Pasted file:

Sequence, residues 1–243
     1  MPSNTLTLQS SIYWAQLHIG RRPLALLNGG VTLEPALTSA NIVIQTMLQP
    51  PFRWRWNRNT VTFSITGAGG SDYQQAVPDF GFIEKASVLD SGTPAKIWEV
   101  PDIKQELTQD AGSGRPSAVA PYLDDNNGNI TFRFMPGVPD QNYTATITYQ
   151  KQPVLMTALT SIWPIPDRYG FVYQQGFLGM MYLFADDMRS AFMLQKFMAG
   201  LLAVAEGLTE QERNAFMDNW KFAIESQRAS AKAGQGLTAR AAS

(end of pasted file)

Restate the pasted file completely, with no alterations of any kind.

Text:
Sequence, residues 1–243
     1  MPSNTLTLQS SIYWAQLHIG RRPLALLNGG VTLEPALTSA NIVIQTMLQP
    51  PFRWRWNRNT VTFSITGAGG SDYQQAVPDF GFIEKASVLD SGTPAKIWEV
   101  PDIKQELTQD AGSGRPSAVA PYLDDNNGNI TFRFMPGVPD QNYTATITYQ
   151  KQPVLMTALT SIWPIPDRYG FVYQQGFLGM MYLFADDMRS AFMLQKFMAG
   201  LLAVAEGLTE QERNAFMDNW KFAIESQRAS AKAGQGLTAR AAS